Submerge the driftwood in a bucket of water to soak out the salt. Change the water at least every two days for two weeks. Dry the driftwood in the sun for a day.
Match each bromeliad to a suitable piece of driftwood so that the plant's roots will have sufficient support. A small tillandsia can nestle in a piece of driftwood the size of your hand. A larger bromeliad requires a piece of wood at least the size of the plant. Driftwood with holes and deep crannies work well for mounting bromeliads.
Wrap sphagnum moss around the roots of each bromeliad. Use enough to cover the roots, such as half a handful. On a small plant, a thumb-sized amount of moss is enough. Situate the plant's moss-wrapped roots in a depression or cleft in the driftwood.
Wind fishing line gently around the base of the bromeliad and the driftwood, wrapping the two together. Wrap the line securely around the plant at the juncture of the leaves and the roots and around the driftwood six to eight times until the plant is securely attached. Leave at least 2 inches of line free and tie the starting end and the end of the line together. The wrapping is only temporary for support, so you don't have to be concerned about the kind of knot or how it looks.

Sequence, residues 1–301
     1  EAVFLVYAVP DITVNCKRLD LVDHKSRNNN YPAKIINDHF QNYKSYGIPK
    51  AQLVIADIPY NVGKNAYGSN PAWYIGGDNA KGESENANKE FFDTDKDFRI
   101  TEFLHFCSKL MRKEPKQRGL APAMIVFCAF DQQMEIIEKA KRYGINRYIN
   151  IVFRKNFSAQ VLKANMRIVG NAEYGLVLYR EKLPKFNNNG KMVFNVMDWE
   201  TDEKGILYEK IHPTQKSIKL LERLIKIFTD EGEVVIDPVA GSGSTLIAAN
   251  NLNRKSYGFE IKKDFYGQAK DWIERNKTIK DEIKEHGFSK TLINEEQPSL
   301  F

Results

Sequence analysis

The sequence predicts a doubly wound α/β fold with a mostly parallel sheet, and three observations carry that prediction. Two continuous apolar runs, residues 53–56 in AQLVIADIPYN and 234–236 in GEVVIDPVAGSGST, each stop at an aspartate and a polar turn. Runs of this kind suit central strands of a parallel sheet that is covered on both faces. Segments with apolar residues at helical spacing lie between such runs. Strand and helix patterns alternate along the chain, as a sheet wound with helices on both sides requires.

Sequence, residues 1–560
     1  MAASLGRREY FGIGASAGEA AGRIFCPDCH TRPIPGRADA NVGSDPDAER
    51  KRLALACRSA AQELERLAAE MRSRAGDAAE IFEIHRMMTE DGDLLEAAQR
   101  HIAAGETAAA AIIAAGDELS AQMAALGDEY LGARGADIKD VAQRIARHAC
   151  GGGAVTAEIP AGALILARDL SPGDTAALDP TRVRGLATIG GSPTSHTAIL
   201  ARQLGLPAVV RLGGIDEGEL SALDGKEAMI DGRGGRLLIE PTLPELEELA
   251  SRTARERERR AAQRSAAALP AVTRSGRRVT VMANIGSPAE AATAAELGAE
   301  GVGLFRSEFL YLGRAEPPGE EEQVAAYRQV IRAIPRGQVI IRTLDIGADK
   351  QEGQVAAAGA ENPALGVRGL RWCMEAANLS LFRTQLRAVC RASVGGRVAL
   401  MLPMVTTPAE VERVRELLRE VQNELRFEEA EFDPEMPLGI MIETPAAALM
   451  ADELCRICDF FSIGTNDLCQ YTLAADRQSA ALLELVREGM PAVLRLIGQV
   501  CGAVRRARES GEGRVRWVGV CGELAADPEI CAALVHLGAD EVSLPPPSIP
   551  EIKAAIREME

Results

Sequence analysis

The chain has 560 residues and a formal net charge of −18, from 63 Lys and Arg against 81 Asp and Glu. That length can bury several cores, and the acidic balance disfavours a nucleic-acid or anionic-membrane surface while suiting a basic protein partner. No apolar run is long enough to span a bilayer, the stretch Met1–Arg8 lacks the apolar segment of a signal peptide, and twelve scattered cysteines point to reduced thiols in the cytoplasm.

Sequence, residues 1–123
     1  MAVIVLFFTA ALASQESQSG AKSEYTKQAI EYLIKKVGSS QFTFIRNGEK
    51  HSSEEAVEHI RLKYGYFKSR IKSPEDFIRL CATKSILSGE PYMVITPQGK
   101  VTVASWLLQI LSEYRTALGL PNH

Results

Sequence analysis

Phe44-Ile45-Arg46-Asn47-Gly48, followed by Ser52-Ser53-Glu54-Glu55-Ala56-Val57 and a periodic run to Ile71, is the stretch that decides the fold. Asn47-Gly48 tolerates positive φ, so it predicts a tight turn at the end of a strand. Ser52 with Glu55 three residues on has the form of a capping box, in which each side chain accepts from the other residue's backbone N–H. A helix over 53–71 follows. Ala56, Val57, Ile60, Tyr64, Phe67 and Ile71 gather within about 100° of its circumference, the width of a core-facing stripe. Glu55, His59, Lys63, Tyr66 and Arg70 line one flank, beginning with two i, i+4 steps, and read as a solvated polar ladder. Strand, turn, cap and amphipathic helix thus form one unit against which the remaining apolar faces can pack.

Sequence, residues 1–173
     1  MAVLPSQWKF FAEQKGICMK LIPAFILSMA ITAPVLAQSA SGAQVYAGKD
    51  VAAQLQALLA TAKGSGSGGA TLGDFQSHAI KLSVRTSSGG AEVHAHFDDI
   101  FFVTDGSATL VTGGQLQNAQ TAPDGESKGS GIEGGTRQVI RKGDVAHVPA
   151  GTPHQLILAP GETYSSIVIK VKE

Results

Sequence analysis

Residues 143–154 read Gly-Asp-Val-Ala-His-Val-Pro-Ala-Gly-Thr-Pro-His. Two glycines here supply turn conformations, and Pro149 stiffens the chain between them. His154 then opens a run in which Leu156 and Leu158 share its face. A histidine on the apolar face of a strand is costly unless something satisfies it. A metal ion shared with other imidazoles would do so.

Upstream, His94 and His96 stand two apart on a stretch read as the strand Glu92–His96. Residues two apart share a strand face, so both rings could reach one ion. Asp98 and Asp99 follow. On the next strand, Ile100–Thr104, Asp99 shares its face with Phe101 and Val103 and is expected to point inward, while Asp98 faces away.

Cut off the nylon string once the bromeliad roots are firmly attached to the driftwood, after a month or longer, depending on the species and maturity of the plant. Mountable bromeliads, including Tillandsia, Aechmea and Billbergia, use their roots primarily for support. They take in water and nutrients from the air, dust and debris in their environment.